- Nearly 50 percent of the participants in the study also worked within a loud workplace during at least some part of the data collection.
- One in ten participants also showed average weekly headphone exposure that was higher than the WHO recommended limit.
- 10 percent of participants in the Apple hearing study have already been diagnosed with hearing loss by a professional, however 75 percent of them are not using assistive support devices like hearing aids or cochlear implants — even though many of them probably should be.
- According to WHO standards, 20 percent of participants have hearing loss.
- 10 percent of participants showed hearing loss that is consistent with noise exposure.
- Almost half of the participants in the study haven’t had their hearing tested by a professional in the last 10 years.
- 25 percent of participants experience ringing in their ears at least a few times per week.
One year into the Apple Hearing Study, we’ve generated significant insights into everyday noise exposures and the impacts of those exposures on hearing among our participants. The national scale of this study is unprecedented. We look forward to sharing new scientific findings, as well as informing policy to improve and promote hearing health, as the study progresses.Rick Neitzel, associate professor of environmental health sciences, University of Michigan School of Public Health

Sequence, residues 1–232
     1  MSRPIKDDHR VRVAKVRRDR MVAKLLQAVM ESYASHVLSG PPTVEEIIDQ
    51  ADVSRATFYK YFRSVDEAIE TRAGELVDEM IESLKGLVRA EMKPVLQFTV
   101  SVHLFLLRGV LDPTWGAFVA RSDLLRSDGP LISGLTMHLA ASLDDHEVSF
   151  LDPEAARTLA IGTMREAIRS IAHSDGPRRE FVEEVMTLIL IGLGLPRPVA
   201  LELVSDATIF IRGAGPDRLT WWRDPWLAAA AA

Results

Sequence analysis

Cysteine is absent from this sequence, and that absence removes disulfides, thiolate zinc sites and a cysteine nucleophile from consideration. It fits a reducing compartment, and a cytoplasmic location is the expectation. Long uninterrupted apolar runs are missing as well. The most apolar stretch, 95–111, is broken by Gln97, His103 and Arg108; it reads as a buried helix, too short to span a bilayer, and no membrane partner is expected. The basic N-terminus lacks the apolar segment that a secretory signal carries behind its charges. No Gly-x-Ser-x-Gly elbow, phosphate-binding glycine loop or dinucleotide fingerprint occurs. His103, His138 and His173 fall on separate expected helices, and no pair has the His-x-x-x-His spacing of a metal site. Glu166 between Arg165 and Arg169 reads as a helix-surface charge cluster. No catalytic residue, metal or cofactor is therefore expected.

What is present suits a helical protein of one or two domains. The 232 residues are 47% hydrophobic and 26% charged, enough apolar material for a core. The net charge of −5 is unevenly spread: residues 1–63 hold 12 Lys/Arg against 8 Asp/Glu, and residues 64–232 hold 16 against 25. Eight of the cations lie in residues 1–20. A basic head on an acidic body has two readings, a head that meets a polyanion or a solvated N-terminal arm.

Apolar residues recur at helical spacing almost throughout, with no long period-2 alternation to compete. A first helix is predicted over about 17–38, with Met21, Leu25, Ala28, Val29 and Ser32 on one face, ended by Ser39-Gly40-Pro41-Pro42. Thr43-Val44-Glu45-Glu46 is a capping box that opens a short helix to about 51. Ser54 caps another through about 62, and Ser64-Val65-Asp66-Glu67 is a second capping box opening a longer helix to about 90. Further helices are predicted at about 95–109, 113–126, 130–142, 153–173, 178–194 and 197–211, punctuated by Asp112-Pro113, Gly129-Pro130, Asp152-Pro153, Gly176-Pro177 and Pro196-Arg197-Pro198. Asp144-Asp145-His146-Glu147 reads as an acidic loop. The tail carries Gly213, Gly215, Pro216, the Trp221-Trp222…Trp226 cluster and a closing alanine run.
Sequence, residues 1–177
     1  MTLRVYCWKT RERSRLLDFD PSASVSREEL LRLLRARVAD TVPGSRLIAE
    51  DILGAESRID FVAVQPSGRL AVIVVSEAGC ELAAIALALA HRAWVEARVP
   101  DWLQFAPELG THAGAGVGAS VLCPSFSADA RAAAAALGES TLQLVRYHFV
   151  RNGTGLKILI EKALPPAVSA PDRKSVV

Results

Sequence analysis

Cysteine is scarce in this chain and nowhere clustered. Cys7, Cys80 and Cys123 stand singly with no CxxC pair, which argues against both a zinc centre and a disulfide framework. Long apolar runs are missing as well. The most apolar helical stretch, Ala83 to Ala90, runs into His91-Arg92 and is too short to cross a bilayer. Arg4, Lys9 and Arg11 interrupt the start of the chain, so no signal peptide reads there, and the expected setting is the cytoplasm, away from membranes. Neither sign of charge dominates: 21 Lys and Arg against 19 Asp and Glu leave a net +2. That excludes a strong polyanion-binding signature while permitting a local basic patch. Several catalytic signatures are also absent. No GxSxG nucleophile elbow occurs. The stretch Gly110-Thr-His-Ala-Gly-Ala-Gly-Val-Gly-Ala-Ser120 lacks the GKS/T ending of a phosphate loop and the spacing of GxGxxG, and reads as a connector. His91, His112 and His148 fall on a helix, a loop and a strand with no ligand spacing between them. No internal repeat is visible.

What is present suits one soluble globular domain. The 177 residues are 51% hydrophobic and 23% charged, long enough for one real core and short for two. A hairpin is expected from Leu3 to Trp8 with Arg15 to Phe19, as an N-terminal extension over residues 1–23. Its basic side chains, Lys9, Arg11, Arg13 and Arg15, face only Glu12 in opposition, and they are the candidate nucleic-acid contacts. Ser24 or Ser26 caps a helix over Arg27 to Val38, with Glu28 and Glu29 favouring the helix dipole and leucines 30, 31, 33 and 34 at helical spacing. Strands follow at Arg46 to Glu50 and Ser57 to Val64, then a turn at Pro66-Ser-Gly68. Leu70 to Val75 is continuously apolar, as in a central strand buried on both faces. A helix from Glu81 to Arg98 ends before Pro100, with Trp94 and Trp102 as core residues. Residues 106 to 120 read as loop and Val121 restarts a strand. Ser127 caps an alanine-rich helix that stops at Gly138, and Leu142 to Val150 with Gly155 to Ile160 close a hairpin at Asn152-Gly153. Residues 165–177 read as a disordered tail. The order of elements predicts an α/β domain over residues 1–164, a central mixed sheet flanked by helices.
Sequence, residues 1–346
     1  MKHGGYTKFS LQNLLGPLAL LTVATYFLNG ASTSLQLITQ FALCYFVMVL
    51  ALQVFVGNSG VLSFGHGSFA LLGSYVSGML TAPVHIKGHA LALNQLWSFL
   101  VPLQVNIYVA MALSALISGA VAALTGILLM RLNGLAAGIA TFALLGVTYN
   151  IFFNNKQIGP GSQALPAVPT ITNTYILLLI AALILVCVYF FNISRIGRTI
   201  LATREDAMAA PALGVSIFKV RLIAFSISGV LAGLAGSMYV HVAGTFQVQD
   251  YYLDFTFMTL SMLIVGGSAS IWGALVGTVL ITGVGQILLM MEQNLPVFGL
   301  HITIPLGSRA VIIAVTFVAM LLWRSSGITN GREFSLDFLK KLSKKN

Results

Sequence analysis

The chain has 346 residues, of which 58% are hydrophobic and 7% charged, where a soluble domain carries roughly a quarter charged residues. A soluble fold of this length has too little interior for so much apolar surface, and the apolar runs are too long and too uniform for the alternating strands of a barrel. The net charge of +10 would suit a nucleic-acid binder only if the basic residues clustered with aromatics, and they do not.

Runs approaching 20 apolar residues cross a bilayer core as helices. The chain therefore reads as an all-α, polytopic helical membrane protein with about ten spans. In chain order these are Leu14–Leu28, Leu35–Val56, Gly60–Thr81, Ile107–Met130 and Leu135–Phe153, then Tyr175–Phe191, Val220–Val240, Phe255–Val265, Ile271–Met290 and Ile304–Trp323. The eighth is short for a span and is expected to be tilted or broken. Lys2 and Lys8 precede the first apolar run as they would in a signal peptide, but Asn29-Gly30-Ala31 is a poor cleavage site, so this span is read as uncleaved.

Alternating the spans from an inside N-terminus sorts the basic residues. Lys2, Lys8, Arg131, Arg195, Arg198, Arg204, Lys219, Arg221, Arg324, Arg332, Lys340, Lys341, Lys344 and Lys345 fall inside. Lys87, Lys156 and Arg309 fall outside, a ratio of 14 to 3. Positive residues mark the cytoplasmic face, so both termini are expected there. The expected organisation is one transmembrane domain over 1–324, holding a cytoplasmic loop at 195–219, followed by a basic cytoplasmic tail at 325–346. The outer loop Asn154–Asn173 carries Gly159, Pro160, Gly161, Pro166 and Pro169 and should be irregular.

According to Rick Neitzel, one of the study’s leads, what’s particularly interesting is that they’ve been seeing such high environmental sound exposures even during the current health pandemic, where many of the participants are staying home. This suggests that under normal circumstances the sound exposure levels could be even higher.
Apple and the team of researchers also offer several suggestions for how Apple device users can take advantage of the built-in health features on the Apple Watch and iPhone to help protect their hearing.
- Turn down the volume. As Apple notes, “While catchy tunes can be tempting, listeners should consider listening to music and other media at the lowest enjoyable volume.”